The colonies’ ironworks were essential to the success of the Colonial army during the Revolutionary War. The 18th and 19th century iron furnaces, foundries, rolling mills, blacksmith shops, and nail factories of the Cumberland Valley formed the foundation of the industrial revolution in Pennsylvania and other states, that changed our nation and the world in the late 19th century.

Take a look around the museum house, which was built in 1860, and notice how many things made of iron were used in its construction.

Did you find all of the following?  Iron was used for the lock boxes on the doors, doorknob and keyhole escutcheons, keys, radiators (great conductor of and provided radiant heat), 1860s air-conditioning grills in the outer walls, window hardware, door hinges, library and attic door latches, and shutter dogs 

The Process

The chemical processes which occur during the smelting of iron ore are very complex, some stages of which are mysteries even today. Very simply put, the carbon – C – from the charcoal and the oxygen – O – from the bellows created CO2 – carbon dioxide. As more oxygen is added, it interacts with the carbon to produce CO – carbon monoxide.  The elements of 3CO and Fe2O3 (iron oxide) interact with each other to produce on the other side of the equation – 2Fe (pure iron) + 3CO2, which is given off as gas.

Charcoal, which is made from slowly charring wood, provided the carbon for most of the early furnaces in this region.  Later, coke, another form of carbon, became the more efficient carbon-source-of-choice. Over an acre of trees a day was needed to provide enough charcoal to fire the furnaces three times each day.  Good hardwood trees, such as chestnut, hickory, ash, and oak, were used to make the charcoal. The trees that forest the mountain areas of today’s Franklin County are second and third growths because of the extensive cutting for the needs of the iron furnaces in the late 18th and 19th centuries. The trees were cut in four-foot lengths.  The logs were then stacked on end and formed into an igloo shape that was 15-20 feet in diameter at the base and eight feet in height, with small air holes around the sides and a narrow flue in the center.  Wet leaves and dirt were used to cover the structure and then the fire was lit.  The collier had to stay with it constantly to make sure the pile of wood did not burst into flames and burn into ashes.  After about a week, the collier would remove the dirt and leaf covering and rake the charcoal into a pile.  This was a dangerous job as the charcoal, if hot enough, could possibly burst into flames when exposed to air.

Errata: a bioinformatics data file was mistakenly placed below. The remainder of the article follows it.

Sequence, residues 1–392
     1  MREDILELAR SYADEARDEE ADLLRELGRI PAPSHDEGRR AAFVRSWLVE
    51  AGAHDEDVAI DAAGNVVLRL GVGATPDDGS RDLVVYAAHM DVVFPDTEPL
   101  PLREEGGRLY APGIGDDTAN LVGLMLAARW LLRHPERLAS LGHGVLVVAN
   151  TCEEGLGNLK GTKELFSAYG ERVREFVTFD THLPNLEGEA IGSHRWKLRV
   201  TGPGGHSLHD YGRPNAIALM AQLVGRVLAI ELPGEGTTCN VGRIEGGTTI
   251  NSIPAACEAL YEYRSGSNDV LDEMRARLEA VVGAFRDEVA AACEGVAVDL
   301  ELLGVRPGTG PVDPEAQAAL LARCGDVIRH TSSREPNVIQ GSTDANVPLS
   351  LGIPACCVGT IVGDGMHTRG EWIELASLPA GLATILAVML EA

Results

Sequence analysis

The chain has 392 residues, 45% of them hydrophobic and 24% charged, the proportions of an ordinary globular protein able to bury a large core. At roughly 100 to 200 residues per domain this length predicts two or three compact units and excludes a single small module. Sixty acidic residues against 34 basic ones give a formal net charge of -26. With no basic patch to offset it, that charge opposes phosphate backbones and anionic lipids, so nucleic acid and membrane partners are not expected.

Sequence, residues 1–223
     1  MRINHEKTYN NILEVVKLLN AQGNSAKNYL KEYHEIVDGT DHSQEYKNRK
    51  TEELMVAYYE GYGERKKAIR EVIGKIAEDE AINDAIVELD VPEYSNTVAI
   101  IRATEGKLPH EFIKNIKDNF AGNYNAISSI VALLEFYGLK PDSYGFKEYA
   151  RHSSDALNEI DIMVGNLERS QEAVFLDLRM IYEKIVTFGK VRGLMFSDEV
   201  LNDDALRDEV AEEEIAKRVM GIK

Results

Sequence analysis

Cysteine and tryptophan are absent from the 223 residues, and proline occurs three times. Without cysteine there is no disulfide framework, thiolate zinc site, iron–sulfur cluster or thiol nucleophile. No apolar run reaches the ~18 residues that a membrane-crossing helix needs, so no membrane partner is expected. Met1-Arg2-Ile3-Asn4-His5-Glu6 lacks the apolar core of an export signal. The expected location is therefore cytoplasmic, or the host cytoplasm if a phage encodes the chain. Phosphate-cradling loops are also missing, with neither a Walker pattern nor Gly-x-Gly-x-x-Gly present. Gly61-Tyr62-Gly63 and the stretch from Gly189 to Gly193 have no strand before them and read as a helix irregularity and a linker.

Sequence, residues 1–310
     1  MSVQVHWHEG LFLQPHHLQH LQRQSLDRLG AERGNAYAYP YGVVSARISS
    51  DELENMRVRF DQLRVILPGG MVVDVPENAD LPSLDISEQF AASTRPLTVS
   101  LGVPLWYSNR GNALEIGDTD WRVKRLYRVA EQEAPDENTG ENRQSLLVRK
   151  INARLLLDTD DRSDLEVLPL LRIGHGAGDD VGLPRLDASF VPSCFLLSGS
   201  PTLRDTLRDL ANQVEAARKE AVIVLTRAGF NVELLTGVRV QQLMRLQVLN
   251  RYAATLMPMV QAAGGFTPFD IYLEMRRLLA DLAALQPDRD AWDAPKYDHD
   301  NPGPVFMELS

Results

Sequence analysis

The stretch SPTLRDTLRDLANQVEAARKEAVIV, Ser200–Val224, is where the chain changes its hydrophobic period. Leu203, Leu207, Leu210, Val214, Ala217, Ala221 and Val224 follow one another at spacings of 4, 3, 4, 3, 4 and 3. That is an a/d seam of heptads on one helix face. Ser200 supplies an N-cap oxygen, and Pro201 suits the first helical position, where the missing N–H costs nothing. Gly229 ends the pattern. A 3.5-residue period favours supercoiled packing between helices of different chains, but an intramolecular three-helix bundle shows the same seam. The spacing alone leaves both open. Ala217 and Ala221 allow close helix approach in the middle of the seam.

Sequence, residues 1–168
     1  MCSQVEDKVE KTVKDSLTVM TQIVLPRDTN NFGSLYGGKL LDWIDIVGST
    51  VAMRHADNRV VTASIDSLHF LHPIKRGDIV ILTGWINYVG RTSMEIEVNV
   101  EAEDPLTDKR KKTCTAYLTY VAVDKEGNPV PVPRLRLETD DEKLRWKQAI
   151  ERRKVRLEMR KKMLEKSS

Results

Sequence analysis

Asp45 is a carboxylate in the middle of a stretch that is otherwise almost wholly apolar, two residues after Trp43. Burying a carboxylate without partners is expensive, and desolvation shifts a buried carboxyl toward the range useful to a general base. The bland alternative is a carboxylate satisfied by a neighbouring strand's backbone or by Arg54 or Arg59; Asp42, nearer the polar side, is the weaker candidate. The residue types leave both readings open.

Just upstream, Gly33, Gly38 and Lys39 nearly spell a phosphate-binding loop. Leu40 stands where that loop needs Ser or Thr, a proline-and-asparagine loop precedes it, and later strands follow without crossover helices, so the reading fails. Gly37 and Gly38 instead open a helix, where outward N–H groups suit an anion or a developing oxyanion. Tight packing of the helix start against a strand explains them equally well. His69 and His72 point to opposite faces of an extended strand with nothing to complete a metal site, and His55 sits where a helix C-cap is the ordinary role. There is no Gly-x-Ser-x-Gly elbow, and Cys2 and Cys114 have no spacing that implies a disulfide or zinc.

In this regional area, iron ore was mostly mined from surface mines.  Pieces of iron ore can still be found lying on the ground in the areas where furnaces once existed.  The fillers, the men who filled the furnace, were quite skilled.  Each mine produced a different quality of iron ore.  The fillers knew how to pick and choose amounts of ores from different mines to make the right combination to produce high-quality pig iron, for which the Mont Alto furnace was known.  Limestone and charcoal were also alternately added with the ore to the furnace stack in correct proportions for the smelting process. 

Blasts of cold air, produced by giant bellows, were interjected into the stack through openings called twyeres (pronounced tw-ear).  Running water, one of the natural resources required for the production of iron, was often harnessed behind dams, which produced the water power to operate giant water wheels, which powered the bellows.  The amount of oxygen added to the furnace was also perfected to a science.  The temperature inside the furnaces reached 2,600 – 3,000 degrees Fahrenheit, which is necessary to melt the iron ore.  

Flux is a substance used to promote fusion, especially of metals or minerals.  The limestone was used to help separate the impurities from the iron ore which then ran off as slag.  Limestone, which is very plentiful in Franklin County, was dug from the open fields and hauled by horse or mule to the furnace site. The limestone was then broken up into smaller pieces for loading into the furnace stack.

The furnaces themselves were constructed of thick, outer sandstone walls with a rubble, sand, and clay lining between the outer wall and inner wall of smaller-sized sandstones. Iron bars helped hold the structure together.  The stacks were usually 30-34 feet in height and were narrower at the top than at the bottom. The iron ore, limestone, and charcoal were loaded from the top of the stack. The hottest area at the bottom of the furnace, near the mouth, was called the crucible.  The slag was released through one pathway and the molten pig iron flowed into prepared sand beds at the bottom opening.  A long central trough, which was formed by the furnace workers in the sand bed, was called the sow trench.  The shorter side troughs coming off the central trough reminded someone of suckling piglets, ergo pig iron.

The bars of pig iron would be used onsite if the ironworks was large enough to have a forge and foundry, rolling mill, and nail factory, or it could be shipped to other markets for sale.  Some castings were also made in the sand bed at the mouth of the furnace by using wooden molds that were pressed into the sand and then carefully removed.

At the chaferies or fineries (refineries), and forges, the pig iron would be reheated and worked by huge mechanical hammers or, at smaller forges, hammer smiths or blacksmiths would hand work the pig iron into wrought iron.  Hammering lengthens the iron fibers and removes the remaining carbon impurities from the pig iron. 

Cast iron is 2-3% or more carbon.  Cast iron is brittle and can break, but it is the best conductor of heat and dampens vibrations.  Cast iron is no longer made, so any cast iron products that are bought today are original pieces or they have been reheated and cast into “new” pieces or reworked into wrought iron products.  Wrought iron contains no carbon and its hardness cannot be increased.

Compiled by Bonnie A. Shockey
November 2004

Resources include: 

Ken Swarz, master blacksmith at the James Anderson Blacksmith Shop, Williamsburg, Virginia; Kittochtinny Historical Society papers; numerous newspaper articles; first person accounts, numerous Websites

Diderot & D’Alembert, L’Encyclopedie Forges, Paris, France

Hartley, E. N., Ironworks on the Saugus, University of Okalahoma Press

Fenstermacher, Shirley B. and McDonnel, Margaret L., Franklin A Frontier County

Soles, Earl L. Jr., Editor in Chief, Colonial Williamsburg Historic Trades, Volume I, The Colonial Williamsburg Foundation, 1988